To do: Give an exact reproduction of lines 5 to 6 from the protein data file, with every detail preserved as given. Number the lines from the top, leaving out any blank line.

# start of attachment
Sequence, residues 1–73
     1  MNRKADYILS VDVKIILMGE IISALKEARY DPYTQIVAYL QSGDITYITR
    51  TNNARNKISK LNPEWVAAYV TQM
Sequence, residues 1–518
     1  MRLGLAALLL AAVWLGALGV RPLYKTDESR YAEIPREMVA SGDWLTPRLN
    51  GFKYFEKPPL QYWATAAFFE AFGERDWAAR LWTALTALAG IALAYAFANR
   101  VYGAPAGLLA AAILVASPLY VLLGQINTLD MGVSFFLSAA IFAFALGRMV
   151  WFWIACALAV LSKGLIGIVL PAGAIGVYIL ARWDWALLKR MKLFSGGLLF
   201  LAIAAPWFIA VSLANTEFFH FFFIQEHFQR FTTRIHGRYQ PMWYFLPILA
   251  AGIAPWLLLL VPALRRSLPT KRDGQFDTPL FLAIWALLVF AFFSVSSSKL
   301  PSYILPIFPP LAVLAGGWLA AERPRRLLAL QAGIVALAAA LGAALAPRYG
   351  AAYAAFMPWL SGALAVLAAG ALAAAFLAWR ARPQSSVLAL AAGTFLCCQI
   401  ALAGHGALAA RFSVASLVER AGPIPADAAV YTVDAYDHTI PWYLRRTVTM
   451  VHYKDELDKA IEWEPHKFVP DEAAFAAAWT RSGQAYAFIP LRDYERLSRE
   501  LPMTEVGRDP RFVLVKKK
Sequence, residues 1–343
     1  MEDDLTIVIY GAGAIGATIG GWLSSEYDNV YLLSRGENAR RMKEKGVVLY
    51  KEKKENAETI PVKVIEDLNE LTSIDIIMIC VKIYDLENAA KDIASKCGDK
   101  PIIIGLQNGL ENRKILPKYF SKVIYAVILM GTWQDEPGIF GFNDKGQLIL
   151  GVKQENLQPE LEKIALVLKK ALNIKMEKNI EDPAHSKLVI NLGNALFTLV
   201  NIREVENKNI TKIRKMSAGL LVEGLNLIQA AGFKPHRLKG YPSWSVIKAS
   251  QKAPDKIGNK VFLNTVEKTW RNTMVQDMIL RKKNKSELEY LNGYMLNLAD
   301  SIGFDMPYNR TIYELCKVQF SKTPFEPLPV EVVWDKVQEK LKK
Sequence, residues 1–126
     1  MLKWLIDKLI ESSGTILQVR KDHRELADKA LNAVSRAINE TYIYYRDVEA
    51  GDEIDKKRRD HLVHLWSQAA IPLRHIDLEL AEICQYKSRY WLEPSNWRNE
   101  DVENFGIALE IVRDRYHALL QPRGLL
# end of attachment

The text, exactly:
     1  MRLGLAALLL AAVWLGALGV RPLYKTDESR YAEIPREMVA SGDWLTPRLN
    51  GFKYFEKPPL QYWATAAFFE AFGERDWAAR LWTALTALAG IALAYAFANR